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Addressing negative perceptions

In the last decade the physical activity sector has taken major strides to change its image. It’s gone from a sector associated (perhaps unfairly) with burly body builders and inflexible gym contracts, to an industry leading the fight against unhealthy lifestyles and supporting the work of government and business with a focus on data-driven decisions, innovation and most importantly putting its consumers – the public – first.

In certain areas, it’s fair to say the physical activity sector was battling a perception problem until relatively recently. Perhaps the most striking example of this was in January 2012, when the Office of Fair Trading opened an investigation into unfair health and fitness club membership contracts. However, through serious soul searching, reflective critique, innovation, collaboration and investment – the landscape has changed dramatically, as has the image of the sector.

Recognising what we stand for

Now, more than ever, public and private leisure operators and suppliers across the UK are the beating heart of the fight against the inactivity pandemic. This is a sector that understands that as well as providing a service to customers, it has the added responsibility of often being the first port of call in an individual’s journey to becoming healthy and active.

Today, amongst major operators and smaller operators alike, memberships can be cancelled due to material changes to one’s circumstances, pay-as-you-go and flexible contract lengths abound, while quality customer service is a basic expectation. The breadth and variety of fitness options and the level of competition within the sector has never been stronger. New innovations mean that the power is with the consumer to shop around for the most cost-effective, convenient and compelling fitness offerings that suit their particular needs.

A changing market landscape – shaped by the rise of budget operators and the increasing prominence of boutique fitness studios – has created a highly competitive market that has empowered consumers. Put simply – the customer is king in the fitness sector, now more than ever before. Whether you’re using a budget operator, a premium club, ordering specialised home equipment online, paying per class at a boutique fitness studio or mixing sessions between clubs to create a customised package, there is something for everyone.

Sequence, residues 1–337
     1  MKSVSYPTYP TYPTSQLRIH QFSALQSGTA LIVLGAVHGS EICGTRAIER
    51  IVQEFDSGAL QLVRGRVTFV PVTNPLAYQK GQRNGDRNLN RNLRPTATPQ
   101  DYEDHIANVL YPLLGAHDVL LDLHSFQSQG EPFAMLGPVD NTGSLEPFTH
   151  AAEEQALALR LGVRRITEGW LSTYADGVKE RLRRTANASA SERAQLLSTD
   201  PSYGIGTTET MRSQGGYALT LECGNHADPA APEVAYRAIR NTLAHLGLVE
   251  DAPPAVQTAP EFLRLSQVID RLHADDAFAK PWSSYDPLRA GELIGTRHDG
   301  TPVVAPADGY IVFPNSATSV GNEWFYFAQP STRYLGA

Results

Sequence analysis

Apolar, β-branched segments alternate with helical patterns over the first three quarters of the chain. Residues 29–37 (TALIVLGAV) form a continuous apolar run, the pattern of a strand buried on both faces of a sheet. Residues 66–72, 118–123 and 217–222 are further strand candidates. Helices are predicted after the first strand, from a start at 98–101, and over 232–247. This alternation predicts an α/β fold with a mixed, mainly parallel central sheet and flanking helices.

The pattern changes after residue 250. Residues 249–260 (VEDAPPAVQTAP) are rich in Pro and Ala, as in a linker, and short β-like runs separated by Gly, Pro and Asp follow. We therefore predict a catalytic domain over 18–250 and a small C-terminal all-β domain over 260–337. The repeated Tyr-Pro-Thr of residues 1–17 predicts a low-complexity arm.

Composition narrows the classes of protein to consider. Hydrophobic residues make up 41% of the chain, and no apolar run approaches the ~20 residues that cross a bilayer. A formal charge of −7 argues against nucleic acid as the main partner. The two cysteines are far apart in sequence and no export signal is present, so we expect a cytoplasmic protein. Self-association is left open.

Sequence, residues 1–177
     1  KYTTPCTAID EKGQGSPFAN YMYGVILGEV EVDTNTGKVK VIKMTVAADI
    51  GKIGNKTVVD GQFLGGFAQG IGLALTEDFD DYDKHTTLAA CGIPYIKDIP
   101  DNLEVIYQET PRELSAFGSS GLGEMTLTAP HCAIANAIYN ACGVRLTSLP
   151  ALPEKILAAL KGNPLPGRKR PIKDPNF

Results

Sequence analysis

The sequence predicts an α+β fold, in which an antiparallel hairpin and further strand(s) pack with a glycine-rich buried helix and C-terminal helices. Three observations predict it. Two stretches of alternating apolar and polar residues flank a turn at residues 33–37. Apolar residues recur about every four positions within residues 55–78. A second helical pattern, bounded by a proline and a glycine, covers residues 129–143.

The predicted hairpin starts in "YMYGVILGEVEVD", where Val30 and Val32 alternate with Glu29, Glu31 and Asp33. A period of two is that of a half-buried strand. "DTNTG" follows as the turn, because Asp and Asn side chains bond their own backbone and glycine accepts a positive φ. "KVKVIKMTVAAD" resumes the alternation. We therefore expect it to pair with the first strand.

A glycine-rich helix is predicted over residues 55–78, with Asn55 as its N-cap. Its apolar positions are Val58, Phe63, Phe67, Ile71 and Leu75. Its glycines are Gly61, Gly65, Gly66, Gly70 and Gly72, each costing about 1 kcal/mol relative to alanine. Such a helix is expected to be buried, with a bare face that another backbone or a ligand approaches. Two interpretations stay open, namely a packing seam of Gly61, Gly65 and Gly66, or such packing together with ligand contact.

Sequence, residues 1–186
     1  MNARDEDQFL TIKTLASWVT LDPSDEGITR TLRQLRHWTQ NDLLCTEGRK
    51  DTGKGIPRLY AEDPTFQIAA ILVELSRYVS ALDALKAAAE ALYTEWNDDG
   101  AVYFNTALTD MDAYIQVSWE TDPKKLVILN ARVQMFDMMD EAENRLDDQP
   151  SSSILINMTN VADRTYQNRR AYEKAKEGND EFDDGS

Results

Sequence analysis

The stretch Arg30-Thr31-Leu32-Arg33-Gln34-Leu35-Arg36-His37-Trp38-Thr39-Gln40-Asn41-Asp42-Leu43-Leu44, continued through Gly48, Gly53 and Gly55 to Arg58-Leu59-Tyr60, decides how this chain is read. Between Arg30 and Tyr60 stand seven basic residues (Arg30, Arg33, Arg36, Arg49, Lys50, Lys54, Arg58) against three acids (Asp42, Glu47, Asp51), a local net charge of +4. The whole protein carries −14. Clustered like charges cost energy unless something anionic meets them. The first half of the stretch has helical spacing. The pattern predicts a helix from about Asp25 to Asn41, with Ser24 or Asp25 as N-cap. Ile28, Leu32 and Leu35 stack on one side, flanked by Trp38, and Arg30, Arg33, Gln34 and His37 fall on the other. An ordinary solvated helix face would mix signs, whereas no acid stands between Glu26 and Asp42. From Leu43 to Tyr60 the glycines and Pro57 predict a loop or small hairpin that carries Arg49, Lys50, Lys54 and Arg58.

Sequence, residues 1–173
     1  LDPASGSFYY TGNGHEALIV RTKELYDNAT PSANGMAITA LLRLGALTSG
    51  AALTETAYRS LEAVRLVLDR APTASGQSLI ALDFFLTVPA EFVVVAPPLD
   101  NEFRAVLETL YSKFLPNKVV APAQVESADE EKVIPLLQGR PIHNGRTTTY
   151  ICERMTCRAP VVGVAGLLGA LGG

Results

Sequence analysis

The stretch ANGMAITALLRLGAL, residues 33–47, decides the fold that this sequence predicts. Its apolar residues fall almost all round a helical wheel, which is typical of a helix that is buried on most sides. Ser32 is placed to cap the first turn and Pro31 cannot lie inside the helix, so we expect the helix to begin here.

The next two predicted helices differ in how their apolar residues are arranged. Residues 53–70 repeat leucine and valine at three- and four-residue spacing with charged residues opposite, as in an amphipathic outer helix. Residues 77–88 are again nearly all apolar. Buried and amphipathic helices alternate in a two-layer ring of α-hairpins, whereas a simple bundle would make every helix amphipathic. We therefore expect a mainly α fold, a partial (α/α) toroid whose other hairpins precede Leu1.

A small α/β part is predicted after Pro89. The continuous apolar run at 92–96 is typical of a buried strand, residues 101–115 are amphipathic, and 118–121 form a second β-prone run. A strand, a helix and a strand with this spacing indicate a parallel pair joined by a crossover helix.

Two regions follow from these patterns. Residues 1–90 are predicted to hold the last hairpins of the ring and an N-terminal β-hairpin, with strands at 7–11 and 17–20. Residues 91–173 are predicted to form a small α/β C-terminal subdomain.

What is more, new innovation – from fitness trackers to specialised equipment and classes – is making fitness more interactive and personalised, and bringing an increasingly divergent range of organisations into the sector as ukactive’s innovation accelerator ActiveLab demonstrates.

Supporting the work of government

It is not just our duty to consumers that the sector has recognised; we have also acknowledged our duty to facilitating the health of the nation through working closely with government. Major public health campaigns such as Change4Life, One You and This Girl Can have been supported by the sector through practical delivery up and down the country. The sector played a major role in supporting the Department of Health’s Responsibility Deal through the Physical Activity Network, while through programmes like Let’s Get Moving we’re using behaviour change principles to get the long term inactive moving.

The future

There is little doubt that the physical activity sector is seen in a more positive light today than it has been in the recent past – but this is just the start. As NHS England CEO Simon Stevens reiterated at last year’s ukactive National Summit – it’s estimated that more than £18bn of headroom in the NHS national budget could be created if we actually made serious improvements in physical activity across this country. The time is now for the sector to take up the mantle as the preventative frontline of the NHS, continue to champion public health and continue to get more, people, more active, more often.